Truckers’ Drowsy Driving Leads to Loss of Life

Aftermath of a truck accident with a trailer on it sside

Safety programs that encourage truck drivers to pull over when they feel the need to sleep abound. Yet, many truck drivers ignore this advice and drive drowsy on a frequent basis. Their decision to do so puts countless individuals-the drivers included- at risk for injury and death. The issue isn’t something noncommercial drivers may think about every day, but it is no small problem; U.S. Department of Transportation’s Federal Highway Administration statistics show that over people drove over 34.7 billion miles on Florida’s highways in 2011.

Why do they do it? For truck drivers all over the nation, time literally is money. If they wish to be paid well, then they must travel as many miles as they can in as little time as possible. This leads to drivers pushing the limits of how many consecutive hours they are allowed to sit behind the wheel, and to drivers staying behind the wheel despite being utterly exhausted. The more that drivers decide to so, though, the more likely they are to be involved in a fatal crash with other vehicles.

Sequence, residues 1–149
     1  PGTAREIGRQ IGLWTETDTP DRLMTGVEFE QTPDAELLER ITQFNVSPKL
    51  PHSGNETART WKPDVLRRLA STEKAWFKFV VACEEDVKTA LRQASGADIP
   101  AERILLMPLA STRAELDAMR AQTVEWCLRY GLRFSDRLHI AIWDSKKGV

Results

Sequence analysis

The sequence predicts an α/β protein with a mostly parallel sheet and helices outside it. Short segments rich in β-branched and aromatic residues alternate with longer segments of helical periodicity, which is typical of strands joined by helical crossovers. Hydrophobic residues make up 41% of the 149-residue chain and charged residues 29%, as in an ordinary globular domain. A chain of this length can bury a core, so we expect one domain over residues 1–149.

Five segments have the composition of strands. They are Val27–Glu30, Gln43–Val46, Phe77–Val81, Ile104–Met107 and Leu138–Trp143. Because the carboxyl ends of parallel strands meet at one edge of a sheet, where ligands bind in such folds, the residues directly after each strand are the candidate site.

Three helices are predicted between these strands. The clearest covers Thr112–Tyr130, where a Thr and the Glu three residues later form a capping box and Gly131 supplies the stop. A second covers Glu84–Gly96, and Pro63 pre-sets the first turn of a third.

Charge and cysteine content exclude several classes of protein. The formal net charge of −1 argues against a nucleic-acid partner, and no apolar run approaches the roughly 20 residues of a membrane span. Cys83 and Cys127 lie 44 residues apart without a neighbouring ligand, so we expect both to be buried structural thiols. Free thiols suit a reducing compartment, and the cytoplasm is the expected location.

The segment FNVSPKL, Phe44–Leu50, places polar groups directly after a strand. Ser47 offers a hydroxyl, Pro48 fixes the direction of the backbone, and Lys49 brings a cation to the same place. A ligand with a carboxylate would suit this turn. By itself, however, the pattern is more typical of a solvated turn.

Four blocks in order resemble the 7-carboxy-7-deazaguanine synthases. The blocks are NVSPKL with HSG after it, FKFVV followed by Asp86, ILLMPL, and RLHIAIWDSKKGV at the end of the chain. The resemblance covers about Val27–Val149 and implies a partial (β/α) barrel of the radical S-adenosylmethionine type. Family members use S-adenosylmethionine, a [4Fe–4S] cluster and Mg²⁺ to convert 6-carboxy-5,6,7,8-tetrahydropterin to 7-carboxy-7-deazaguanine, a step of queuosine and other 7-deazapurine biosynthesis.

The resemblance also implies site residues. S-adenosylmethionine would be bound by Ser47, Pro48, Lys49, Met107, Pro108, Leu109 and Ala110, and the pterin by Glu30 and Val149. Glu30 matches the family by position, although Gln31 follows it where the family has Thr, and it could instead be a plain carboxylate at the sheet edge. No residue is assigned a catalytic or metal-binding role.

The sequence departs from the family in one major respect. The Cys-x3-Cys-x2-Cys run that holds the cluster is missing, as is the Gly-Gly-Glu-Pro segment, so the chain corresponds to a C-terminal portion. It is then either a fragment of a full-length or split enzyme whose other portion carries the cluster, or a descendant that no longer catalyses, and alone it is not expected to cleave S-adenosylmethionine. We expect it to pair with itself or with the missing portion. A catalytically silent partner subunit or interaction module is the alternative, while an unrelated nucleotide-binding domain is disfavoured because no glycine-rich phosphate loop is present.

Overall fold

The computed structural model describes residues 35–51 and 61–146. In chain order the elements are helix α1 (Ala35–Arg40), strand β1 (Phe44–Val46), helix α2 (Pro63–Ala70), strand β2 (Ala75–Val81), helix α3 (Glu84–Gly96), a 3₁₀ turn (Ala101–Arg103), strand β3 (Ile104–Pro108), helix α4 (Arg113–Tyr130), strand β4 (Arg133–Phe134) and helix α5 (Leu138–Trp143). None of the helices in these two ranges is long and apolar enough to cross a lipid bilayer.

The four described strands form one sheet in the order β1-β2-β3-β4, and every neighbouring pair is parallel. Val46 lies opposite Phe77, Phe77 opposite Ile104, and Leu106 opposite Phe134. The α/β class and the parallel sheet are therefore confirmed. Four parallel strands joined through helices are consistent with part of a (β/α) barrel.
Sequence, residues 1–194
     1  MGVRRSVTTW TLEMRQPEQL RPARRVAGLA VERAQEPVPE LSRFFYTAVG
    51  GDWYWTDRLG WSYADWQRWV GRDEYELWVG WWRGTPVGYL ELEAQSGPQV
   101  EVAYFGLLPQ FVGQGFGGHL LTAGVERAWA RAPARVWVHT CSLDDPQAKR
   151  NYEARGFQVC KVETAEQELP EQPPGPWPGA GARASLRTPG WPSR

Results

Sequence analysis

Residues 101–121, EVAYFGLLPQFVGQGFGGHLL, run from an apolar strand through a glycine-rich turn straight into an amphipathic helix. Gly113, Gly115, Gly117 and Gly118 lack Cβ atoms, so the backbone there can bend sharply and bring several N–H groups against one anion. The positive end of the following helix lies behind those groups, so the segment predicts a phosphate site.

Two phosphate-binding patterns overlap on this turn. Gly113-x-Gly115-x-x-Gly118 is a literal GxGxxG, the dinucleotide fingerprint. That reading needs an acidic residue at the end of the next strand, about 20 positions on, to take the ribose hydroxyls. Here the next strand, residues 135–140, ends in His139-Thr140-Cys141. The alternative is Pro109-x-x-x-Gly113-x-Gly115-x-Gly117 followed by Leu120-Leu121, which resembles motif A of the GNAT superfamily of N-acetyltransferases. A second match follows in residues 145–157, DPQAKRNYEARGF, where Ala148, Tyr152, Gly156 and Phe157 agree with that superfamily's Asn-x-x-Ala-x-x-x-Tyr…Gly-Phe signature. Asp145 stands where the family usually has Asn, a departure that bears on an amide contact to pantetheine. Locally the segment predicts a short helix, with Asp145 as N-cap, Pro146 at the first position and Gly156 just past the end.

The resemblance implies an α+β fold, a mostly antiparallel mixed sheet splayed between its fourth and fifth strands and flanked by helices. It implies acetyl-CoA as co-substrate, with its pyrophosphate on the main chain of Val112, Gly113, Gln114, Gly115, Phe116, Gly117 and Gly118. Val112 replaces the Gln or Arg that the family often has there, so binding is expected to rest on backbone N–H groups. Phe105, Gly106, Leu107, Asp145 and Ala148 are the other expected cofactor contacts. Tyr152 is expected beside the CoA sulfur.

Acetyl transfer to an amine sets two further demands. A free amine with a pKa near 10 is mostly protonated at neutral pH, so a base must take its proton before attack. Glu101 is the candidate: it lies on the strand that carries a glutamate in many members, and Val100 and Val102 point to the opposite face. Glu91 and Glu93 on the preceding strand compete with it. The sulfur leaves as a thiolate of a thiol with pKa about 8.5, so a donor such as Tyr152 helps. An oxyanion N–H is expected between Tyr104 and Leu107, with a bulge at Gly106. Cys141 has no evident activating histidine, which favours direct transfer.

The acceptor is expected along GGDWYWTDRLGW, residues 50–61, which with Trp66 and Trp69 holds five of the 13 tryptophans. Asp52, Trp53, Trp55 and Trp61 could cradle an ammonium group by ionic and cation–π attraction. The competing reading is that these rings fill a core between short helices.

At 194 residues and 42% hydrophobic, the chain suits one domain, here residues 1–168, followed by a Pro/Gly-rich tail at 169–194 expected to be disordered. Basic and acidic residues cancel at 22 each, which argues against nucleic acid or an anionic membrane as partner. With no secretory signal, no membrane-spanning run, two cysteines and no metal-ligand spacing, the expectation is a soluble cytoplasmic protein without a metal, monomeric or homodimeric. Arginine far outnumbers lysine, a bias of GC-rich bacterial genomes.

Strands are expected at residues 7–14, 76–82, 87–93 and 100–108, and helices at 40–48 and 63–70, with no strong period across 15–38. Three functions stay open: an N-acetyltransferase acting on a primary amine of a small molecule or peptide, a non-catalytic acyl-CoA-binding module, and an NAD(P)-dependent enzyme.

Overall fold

According to the National Highway Traffic Safety Administration, large truck accident-related deaths increased from 2,311 in 2009 to 3,802 in 2012. While it is impossible to determine precisely how many of these accidents were caused by over-tired drivers, these numbers are still alarming and may serve as an indication that stricter regulations for truck drivers are necessary. If you or someone you love has been involved in an truck accident, fight back. Contact Zimmerman & Frachtman to find out what your rights are.

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